BROOMFIELD — Skyloom Global Corp., a satellite communications firm that shifted its center of gravity from Oakland, California to Broomfield in January, has settled into its new Colorado digs and is open for business.
Half of Skyloom’s new 23,000-square-foot headquarters in Broomfield’s Interlocken business park houses administration functions, while the other “will be used for design, testing, and assembly of optical communication terminals and optical communications satellites,” the company said in a news release.
“We are extremely proud to call Colorado our new home,” Skyloom chief operating officer Campbell Marshall said in the release. “This state, which has long been a center for American innovation, and this strategic move to expand our operations in Colorado will enable us to tap into the state’s highly skilled workforce and put us closer to both our key customers and suppliers as well as a vibrant entrepreneurial ecosystem. As we continue to grow and serve customers around the globe, we remain committed to strengthening our presence in Colorado and contributing to the state’s economic growth and technological advancement.”
Skyloom, with more than 100 workers and designs on roughly doubling its workforce in the next year or so, is developing technology that it describes as “orbital infrastructure for fiberless internet.”
Skyloom CEO Marcos Franceschin said company leaders “are thrilled to be in this exciting period of growth for Skyloom, but we recognize that it comes at a pivotal point when data transport and communications are becoming increasingly vital for businesses and society at large. With our cutting-edge technology and innovative approach, we are committed to leading the charge in improving data transport and making it more accessible, reliable, and secure. As we continue to expand our operations and serve our customers, we remain focused on our mission to transform the way people connect and communicate.”
The company has recently won several valuable contracts with government and military agencies, “which really drove the need to expand,” Eric Moltzau, Skyloom’s newly hired chief commercial officer, told BizWest in January. “The area around Broomfield has a lot of aerospace talent and a lot of talent with telecommunications backgrounds.”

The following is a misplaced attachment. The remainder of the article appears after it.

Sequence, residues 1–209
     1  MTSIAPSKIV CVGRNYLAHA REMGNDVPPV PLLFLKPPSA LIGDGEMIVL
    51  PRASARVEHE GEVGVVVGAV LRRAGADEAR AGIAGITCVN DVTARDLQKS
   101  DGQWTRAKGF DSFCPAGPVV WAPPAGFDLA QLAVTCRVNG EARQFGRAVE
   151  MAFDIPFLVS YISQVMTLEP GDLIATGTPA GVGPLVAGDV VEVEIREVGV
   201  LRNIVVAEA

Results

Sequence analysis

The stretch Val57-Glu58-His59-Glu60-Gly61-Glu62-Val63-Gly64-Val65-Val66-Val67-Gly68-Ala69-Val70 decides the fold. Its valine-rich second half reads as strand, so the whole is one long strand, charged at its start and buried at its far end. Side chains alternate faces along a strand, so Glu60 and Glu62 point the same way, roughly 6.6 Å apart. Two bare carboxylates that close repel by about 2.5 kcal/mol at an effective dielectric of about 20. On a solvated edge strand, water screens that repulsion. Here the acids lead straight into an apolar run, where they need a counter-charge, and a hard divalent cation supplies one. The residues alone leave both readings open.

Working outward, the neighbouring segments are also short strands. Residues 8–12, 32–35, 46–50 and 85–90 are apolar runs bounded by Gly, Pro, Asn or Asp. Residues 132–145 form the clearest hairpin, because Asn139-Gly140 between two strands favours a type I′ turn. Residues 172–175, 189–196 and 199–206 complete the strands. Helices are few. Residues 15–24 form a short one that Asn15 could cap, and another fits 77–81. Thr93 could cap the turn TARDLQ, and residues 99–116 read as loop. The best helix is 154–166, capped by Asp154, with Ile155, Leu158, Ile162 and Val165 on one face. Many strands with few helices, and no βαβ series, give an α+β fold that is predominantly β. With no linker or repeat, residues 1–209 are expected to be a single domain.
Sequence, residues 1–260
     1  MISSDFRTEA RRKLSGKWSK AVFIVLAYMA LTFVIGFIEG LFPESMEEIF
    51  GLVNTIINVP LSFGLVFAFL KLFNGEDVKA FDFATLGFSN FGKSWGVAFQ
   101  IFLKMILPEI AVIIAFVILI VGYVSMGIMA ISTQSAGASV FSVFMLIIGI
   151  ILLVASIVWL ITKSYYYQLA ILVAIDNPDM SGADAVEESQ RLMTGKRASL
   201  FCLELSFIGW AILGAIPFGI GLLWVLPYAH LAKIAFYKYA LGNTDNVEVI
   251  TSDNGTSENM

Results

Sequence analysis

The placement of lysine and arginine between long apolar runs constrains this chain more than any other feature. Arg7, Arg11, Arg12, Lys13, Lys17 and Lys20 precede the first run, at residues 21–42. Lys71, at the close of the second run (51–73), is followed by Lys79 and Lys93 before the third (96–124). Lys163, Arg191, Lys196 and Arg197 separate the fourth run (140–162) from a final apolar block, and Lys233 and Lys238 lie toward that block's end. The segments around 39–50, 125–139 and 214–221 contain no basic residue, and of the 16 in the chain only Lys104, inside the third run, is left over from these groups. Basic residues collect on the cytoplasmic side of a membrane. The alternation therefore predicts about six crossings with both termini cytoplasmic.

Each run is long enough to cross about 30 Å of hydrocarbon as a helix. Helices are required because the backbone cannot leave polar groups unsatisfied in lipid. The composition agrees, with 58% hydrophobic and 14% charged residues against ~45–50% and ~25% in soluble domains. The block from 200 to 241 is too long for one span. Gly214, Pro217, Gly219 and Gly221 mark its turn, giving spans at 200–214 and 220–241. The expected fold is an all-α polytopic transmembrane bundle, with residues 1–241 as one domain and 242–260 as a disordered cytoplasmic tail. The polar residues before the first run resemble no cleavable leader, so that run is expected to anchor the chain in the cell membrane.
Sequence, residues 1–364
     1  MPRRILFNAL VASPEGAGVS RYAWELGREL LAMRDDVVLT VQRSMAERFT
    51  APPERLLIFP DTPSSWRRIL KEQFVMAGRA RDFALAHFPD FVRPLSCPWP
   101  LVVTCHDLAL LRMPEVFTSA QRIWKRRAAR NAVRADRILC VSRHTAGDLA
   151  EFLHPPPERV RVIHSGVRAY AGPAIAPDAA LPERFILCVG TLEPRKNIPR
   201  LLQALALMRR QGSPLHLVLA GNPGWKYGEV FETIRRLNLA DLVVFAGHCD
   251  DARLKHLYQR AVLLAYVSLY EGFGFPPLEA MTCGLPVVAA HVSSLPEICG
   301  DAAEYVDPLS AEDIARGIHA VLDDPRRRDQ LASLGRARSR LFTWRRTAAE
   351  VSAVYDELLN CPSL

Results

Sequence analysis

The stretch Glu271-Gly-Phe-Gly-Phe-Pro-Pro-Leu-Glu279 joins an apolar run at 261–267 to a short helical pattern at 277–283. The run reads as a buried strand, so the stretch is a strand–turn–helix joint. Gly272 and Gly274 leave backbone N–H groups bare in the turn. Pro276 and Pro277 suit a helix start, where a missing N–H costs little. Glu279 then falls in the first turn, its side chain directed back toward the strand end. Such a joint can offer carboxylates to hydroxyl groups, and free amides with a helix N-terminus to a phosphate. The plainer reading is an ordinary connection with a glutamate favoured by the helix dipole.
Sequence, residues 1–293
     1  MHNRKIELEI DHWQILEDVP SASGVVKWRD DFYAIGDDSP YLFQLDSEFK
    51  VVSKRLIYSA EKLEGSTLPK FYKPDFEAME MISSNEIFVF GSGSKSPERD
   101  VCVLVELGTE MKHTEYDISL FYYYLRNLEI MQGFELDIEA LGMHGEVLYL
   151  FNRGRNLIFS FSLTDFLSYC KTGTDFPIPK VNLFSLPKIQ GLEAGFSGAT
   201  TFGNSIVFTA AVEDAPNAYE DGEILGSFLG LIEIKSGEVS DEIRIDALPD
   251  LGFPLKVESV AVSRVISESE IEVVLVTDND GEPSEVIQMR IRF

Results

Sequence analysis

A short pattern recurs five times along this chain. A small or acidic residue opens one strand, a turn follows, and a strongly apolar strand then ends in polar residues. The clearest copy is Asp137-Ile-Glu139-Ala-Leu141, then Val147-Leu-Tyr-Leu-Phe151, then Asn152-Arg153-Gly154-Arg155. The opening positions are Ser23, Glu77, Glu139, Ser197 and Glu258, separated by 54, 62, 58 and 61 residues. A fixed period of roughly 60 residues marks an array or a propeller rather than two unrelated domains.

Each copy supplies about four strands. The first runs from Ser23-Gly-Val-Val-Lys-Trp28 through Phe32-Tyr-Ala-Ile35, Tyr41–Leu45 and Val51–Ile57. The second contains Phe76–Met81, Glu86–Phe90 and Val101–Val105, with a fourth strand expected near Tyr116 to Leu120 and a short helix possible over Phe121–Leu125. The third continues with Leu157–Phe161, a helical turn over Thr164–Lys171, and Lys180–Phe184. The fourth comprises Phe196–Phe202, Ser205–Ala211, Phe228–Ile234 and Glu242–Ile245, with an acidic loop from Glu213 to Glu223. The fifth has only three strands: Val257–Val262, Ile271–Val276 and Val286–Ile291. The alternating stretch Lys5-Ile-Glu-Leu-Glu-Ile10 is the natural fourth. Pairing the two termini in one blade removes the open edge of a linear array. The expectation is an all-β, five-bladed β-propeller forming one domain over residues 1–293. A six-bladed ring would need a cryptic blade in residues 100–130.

Skyloom plans to tap into talent pipelines from local colleges such as the University of Colorado and Colorado State University, along with military personnel transitioning into the private sector.
Skyloom, as a space telecommunications company, appears to be a natural fit in the Boulder Valley, which is already home to a host of seemingly complementary organizations from satellite-imagery giant Maxar Technologies Inc. (NYSE: MAXR), to private space-travel technology developer Sierra Space Corp., to inflight-communications company Gogo Inc. (Nasdaq: GOGO).
“By 2030, billions of terabytes of data will need to be transmitted to, across, and from space. Skyloom provides fiberless optical communications at the speed of business,” Skyloom said. “The company’s planetary-scale solutions for ultra high-bandwidth communications unlock secure, high-capacity data transport for satellite-to-satellite, satellite-to-earth, and earth-to-satellite transmissions.”
Interconnectivity and communication is important, Moltzau said, whether you’re on a week-long cruise in the Caribbean or, perhaps in the not-too-distant future, on vacation at a privately operated space station. “With the expansion of space tourism, we’re going to need an expansion of the internet into a space internet to keep people connected and to conduct business.”